Yesterday, the Space Launch System (SLS) rocket and the Orion spacecraft atop it reached the historic Launch Complex 39B at NASA’s Kennedy Space Center. Together they are the Artemis I mission, the maiden voyage for NASA’s new heavy launcher– and the spacecraft that, in a few years, will take astronauts back to the Moon.
"Around 7:30 a.m. EDT the Space Launch System rocket and Orion spacecraft for the Artemis I mission arrived atop Launch Complex 39B at NASA’s Kennedy Space Center in Florida after a nearly 10-hour journey from the Vehicle Assembly Building," the Artemis team wrote in a blog post.
The space agency’s team is working to configure the system at the launch pad. There have been extensive tests during the wet rehearsal phase over the last few months. There have also been a few setbacks in the preparation, such as leaks and even lightning, but everything seems ready now. The launch window opens on August 29 at 8:33 a.m. ET for two hours. If weather or other factors don’t permit a launch, there are launch windows on September 2 and September 5.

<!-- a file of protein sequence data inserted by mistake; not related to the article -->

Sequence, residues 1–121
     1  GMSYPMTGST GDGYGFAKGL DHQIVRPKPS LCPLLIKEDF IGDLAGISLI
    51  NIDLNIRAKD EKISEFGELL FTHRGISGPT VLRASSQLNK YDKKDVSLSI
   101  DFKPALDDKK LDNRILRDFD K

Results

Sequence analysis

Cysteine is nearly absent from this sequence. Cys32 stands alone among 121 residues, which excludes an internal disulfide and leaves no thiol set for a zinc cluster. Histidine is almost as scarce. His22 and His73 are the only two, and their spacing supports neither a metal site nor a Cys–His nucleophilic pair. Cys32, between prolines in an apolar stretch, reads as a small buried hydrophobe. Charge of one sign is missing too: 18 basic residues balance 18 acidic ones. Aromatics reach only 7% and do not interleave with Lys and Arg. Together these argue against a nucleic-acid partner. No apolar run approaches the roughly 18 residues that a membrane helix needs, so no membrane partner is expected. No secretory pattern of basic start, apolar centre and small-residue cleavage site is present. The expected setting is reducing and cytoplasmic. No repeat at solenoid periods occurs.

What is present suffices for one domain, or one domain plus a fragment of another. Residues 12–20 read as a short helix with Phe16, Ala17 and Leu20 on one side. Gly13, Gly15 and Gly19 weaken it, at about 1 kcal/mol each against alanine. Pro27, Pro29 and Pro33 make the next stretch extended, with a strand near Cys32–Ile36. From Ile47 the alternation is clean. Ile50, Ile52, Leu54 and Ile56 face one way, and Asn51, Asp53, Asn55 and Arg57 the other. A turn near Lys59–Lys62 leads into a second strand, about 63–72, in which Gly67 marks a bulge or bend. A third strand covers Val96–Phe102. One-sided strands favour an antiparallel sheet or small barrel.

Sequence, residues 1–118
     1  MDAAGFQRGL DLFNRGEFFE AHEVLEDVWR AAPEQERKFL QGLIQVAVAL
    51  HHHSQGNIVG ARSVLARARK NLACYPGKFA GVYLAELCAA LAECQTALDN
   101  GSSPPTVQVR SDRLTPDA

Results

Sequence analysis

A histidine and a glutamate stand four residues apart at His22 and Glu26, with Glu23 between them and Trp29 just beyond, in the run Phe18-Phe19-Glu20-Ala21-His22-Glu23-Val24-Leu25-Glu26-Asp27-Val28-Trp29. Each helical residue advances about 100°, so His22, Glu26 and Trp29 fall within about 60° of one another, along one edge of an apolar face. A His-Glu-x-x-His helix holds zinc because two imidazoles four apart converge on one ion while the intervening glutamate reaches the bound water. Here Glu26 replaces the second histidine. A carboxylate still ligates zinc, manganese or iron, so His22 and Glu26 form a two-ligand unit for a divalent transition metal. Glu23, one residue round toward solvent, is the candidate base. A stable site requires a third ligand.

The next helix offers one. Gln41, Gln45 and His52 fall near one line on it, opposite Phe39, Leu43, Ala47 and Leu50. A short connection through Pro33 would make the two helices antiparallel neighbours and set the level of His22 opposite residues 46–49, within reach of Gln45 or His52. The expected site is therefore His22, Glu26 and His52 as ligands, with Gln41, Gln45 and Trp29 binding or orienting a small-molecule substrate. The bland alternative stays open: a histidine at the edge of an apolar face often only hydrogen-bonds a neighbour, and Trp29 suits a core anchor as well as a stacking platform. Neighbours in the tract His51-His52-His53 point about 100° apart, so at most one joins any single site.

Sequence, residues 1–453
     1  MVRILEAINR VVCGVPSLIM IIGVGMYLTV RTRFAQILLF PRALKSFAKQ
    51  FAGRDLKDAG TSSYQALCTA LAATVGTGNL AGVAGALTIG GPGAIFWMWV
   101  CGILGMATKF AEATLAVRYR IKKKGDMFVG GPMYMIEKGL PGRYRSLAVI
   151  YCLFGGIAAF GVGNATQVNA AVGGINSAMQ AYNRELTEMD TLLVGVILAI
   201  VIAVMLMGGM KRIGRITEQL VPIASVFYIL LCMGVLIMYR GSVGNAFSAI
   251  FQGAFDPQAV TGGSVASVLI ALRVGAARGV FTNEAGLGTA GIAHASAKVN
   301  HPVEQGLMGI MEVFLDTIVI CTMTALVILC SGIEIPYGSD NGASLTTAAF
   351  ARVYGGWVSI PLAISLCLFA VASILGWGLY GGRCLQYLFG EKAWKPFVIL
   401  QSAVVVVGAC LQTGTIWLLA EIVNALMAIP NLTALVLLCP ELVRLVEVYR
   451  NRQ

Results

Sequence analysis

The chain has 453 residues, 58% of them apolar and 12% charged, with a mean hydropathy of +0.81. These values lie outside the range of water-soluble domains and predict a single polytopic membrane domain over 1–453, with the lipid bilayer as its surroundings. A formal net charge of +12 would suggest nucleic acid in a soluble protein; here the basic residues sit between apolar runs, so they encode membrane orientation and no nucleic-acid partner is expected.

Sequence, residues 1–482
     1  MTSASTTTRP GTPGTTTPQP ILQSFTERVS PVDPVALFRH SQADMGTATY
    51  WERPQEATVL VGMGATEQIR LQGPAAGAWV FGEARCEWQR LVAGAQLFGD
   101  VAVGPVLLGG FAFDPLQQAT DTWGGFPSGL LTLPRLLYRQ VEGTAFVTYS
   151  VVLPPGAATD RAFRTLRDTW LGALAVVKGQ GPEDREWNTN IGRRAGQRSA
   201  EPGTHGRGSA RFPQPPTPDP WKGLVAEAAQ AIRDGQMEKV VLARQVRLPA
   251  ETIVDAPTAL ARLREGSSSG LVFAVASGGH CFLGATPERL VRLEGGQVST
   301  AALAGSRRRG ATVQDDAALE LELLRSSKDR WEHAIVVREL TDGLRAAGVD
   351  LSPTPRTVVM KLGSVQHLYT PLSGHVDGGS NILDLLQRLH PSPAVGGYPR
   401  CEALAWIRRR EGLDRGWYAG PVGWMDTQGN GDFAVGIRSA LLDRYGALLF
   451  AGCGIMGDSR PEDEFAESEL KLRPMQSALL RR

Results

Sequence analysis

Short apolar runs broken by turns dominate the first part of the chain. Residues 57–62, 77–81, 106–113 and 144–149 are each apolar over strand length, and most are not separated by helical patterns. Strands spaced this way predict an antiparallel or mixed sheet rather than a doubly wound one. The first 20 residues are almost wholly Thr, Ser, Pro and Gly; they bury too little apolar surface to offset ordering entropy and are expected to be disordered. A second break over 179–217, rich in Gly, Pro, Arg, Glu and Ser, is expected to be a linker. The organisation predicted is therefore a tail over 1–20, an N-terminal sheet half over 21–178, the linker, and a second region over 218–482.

If the first launch window is a go, the uncrewed spacecraft will travel in space for 42 days, including six around the Moon. This is a stepping stone mission, which will allow the space agency to put important technologies to the test for Artemis II, currently scheduled to launch in May 2024. That would be the first crewed mission to go to lunar orbit since Apollo 17 in 1972.
If the current schedule is kept, then Artemis III is set to make history in late 2025 with the first woman and the first person of color landing on the Moon.